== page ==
|Subject: IHT: Justice in East Timor Doesn't
International Herald Tribune Wednesday, August 2, 2000
Justice in East Timor Doesn't Look Likely
By Mark Dodd International Herald Tribune
DILI, East Timor - It took only minutes before a team of eminent Indonesian legal investigators was given a sharp reminder of how little East Timorese passions have subsided on the question of justice for last year's bloody electoral violence.
Led by Rachman, a deputy attorney general, the Indonesians were in Dili recently togather evidence on five murderous incidents committed by Jakarta's military or their militia proxies. Two of the killings occurred before the vote on self-determination last Aug. 30 that was organized by the United Nations and that is now leading to independence.
For East Timorese journalists, the violence - especially the two weeks of unchecked intimidation and destruction that followed the announcement of the landslideindependence victory on Sept. 4, 1999 - remains an emotionally explosive issue.
Their questions to the visiting Indonesian panel reflected the widespread conviction of most ordinary East Timorese that Indonesia is incapable of bringing to justice the generals and militia leaders responsible for the murder and mayhem.
Evidence has also emerged recently of divisions within the UN mission in East Timor that is overseeing its transition to independence over the merits of going after senior militia leaders. The concern is that such a move could jeopardize efforts to heal relations between the two countries.
There is also concern that the arrest or detention of high profile militia leaders could jeopardize attempts to secure the return of some 120,000 East Timorese remaining in camps in Indonesian West Timor under the control of the militia.
The price to be paid may well be the freedom of a handful of notorious pro-Jakarta militia commanders implicated in crimes against humanity, for which there is no pardon under international law.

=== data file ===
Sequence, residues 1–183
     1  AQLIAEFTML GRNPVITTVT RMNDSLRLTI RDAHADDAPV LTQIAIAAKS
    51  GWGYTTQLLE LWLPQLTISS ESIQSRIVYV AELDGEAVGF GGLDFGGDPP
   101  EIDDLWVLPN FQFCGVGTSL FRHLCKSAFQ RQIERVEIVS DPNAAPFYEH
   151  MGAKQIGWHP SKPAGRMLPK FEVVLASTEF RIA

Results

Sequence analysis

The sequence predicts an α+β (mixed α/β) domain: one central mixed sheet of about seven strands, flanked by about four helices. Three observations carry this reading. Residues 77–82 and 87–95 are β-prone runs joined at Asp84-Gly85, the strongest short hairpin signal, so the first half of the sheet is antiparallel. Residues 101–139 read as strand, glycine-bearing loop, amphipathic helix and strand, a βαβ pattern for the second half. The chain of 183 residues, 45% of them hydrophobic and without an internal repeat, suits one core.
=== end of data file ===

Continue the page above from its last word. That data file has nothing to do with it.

The political department of the UN Transitional Administration in East Timor may have some unlikely allies. In private talks, Xanana Gusmão, the East Timor independence leader, who is regarded as most likely to be the country's first democratically elected president, has raised the possibility of blanket pardons for militia leaders. By contrast, Dili's Nobel laureate bishop, Carlos Belo, remains a staunch advocate of legal proceedings against those responsible for post-ballot violence and other killings.
There are about 80 militiamen in UN custody in Dili facing serious criminal charges, including murder and rape. The first trial is expected to take place in the next few weeks.
The United Nations is offering support for the investigation launched by Indonesia's attorney general, Marzuki Darusman, against the generals and other senior officials linked to the violence last year. Several key East Timorese witnesses feel so strongly about the militia violence and the role played by the Indonesian military - which was supposed to maintain security in the troubled territory - that they have offered to travel to Jakarta to testify.
Their offer is frought with risk given that most of the militia leaders and military officers responsible for the bloodshed are still at large. After Indonesian prosecutors questioned three generals in May who were implicated in last year's bloodshed, unidentified assailants answered with bombs at the attorney general's offices in Jakarta.
This was seen as clear evidence of powerful forces in Indonesia who are determined to oppose any investigation into the military's bloody past role in East Timor.
The writer, a journalist based in East Timor, contributed this comment to the International Herald Tribune.
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